China’s New Material Girl

This post was migrated from my Lifeblog.

I woke up this morning to find a surprise email from a friend in China. He had sent me a very interesting article titled,

“China’s housing boom spells trouble for boyfriends: Many women won’t marry a man who doesn’t own a home. This recent shift, along with soaring real estate prices, has created a woefully frustrated class of bachelors.”

It proceeded to describe the rampant materialism that has become the norm lately in the Chinese dating market. Gone are the days that my parents described, when families were so poor, nobody bothered to lock their doors and everyone helped each other out. (Of course, it wasn’t all roses: My mother’s family of seven shared a 200 square-foot room without plumbing, and they were considered middle class.) Nowadays, with the freer economy sweeping in a new era of prosperity, but at a steep cost, everything has changed, and many young men find themselves ineligible simply because they cannot afford to buy into the horribly inflated housing market. A typical female online dating profile now reads

I’m 25 years old, looking for a boyfriend…. I want you to have an apartment and a car…. The apartment has to be built after 2000 and the car has to be better than a minivan.

So much for romance, eh? Here’s another great snippet:

Growing male frustrations have given rise to a new female archetype: the bai jin nu, or gold-digger.

On the wildly popular TV reality program “Don’t Bother Me Unless You’re Serious,” one woman tried to size up a suitor by asking matter-of-factly, “Do you have money?”

The man cut to the chase: “I have three flats in Shanghai.”

The hard-boiled bachelorette, Ma Nuo, has gone on to become one of China’s most recognizable bai jin nu. Marry for love? Fat chance, said the material girl: “I would rather cry in a BMW than smile on the back of my boyfriend’s bicycle.”

The article is riddled with the sad stories of young men who were dumped by their long-term girlfriends after not being able to afford a flat, which is a little crazy considering that homeownership runs 22 times the average yearly salary. Wow!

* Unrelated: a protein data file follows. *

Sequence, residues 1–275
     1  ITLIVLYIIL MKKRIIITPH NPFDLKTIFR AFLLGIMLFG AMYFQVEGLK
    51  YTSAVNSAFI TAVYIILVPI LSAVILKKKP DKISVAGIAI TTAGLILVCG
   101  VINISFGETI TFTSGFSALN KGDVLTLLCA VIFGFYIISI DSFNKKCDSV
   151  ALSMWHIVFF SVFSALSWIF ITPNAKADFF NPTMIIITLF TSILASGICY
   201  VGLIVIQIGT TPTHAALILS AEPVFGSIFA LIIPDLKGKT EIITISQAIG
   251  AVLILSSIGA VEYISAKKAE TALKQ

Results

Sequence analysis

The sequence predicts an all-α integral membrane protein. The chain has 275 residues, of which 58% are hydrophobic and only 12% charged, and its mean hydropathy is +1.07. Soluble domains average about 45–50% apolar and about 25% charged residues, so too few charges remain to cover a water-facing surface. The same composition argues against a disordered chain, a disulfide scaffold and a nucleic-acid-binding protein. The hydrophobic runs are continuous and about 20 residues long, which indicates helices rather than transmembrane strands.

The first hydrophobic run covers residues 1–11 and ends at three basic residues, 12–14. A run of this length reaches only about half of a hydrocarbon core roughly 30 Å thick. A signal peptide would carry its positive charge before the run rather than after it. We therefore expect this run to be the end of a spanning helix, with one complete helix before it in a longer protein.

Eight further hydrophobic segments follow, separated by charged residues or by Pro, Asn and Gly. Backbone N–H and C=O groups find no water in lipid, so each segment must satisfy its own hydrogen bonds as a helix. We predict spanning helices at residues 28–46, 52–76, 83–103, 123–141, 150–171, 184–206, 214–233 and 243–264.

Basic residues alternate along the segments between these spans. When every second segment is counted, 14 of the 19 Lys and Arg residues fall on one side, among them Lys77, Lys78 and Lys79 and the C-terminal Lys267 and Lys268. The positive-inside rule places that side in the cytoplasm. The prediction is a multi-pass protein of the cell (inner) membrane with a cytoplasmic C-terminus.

I think that China’s going through the equivalent of our materialistic 80s, except even more so because their memory of poverty is so crushing and so recent. I also think the material girl trend is a bit of a fad, because a big part of it is saving face:

“A man is not a man if he doesn’t own a house,” said Chen Xiaomin, director of the Women’s Studies Center at the Shanghai University of Political Science and Law. “Marriage is becoming more and more materialistic. This is a huge change in Chinese society. No matter how confident a woman is, she will lose face if her boyfriend or husband doesn’t have a house.”

So it’s another case of keeping up with the Joneses. That makes me skeptical that this is going to make anyone happy, least of all the women. My mother’s friends in China tells her that it’s an embarasssment for a woman to “marry down,” but there simply aren’t enough high-achieving men to go around. The result is a lot of aging women with no marriage prospects. There’s an urban legend that the parents of these despairing young singles will congregate in parks with signs boasting their child’s credentials and look for a suitable mate among the other signs. It’s kind of darkly funny, but also sadly desperate.

As for the bachelors, I feel bad for them, I really do. But part of me thinks they had it coming. After all, Chinese men are pretty materialistic themselves, especially when it comes to what they want in a wife. I married a white man1; and as much as I would like to pretend that I turned away a sea of adoring Asian faces, the truth is that Asian men have never expressed much interest in me. This may be because I knew so few of them; the odds were simply not there. But the other thing is, I’m not exactly marriage material by Chinese-American standards. No Ivy League degree, no six figure salary, and overweight besides2; well it’s a bit hard to bring me home to Mom and Dad.

What can I say? No girl wants to be treated like a collection of cocktail party bragging rights. My current in-laws, who are conservative Christians, were a whole different story. My mother-in-law encouraged my (non-monetizable) interest in crafts and homemaking, and my decision to drop out of college was met with concern but understanding. Had they been Chinese, they would’ve blown a gasket. It’s nice to be treated like a human being. Really nice.

And my husband? I often joke to myself that Spencer couldn’t have married me for my looks because at the time, I was thirty pounds overweight and had terrible acne. Neither was it for my sparkling personality under extreme stress and poor health. Perhaps it was the money; after all, a few thousand dollars (saved from birthday money and scholarship kickbacks) is a lot for a college student. (I’m joking.) Nope, I’m pretty sure that he married me for me.

So to my Asian brothers out there, do treat your women well. You reap what you sow.

  1. It turns out that, for once in my life, I’m actually in style: Almost three quarters of white-Asian interracial marriages are between a white man and an Asian woman. There is an opposite gender skew among black-white interracial marriages. A fascinating and bittersweet topic. Here’s an article to get you started.

  2. I sound like Bridget Jones, yes? One of my urban heroes. :)